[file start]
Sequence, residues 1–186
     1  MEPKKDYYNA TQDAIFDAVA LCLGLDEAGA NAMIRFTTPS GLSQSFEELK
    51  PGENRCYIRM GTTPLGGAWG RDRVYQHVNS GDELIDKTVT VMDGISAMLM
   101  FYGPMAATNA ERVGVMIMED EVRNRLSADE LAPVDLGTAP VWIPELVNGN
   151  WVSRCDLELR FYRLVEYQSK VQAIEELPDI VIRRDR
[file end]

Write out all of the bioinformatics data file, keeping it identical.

Sequence, residues 1–186
     1  MEPKKDYYNA TQDAIFDAVA LCLGLDEAGA NAMIRFTTPS GLSQSFEELK
    51  PGENRCYIRM GTTPLGGAWG RDRVYQHVNS GDELIDKTVT VMDGISAMLM
   101  FYGPMAATNA ERVGVMIMED EVRNRLSADE LAPVDLGTAP VWIPELVNGN
   151  WVSRCDLELR FYRLVEYQSK VQAIEELPDI VIRRDR